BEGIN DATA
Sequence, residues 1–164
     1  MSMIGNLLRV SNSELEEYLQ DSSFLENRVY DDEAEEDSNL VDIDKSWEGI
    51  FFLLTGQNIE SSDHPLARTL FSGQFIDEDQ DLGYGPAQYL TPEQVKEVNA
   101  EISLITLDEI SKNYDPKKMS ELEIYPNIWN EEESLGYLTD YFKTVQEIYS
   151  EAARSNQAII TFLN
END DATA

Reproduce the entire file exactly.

Sequence, residues 1–164
     1  MSMIGNLLRV SNSELEEYLQ DSSFLENRVY DDEAEEDSNL VDIDKSWEGI
    51  FFLLTGQNIE SSDHPLARTL FSGQFIDEDQ DLGYGPAQYL TPEQVKEVNA
   101  EISLITLDEI SKNYDPKKMS ELEIYPNIWN EEESLGYLTD YFKTVQEIYS
   151  EAARSNQAII TFLN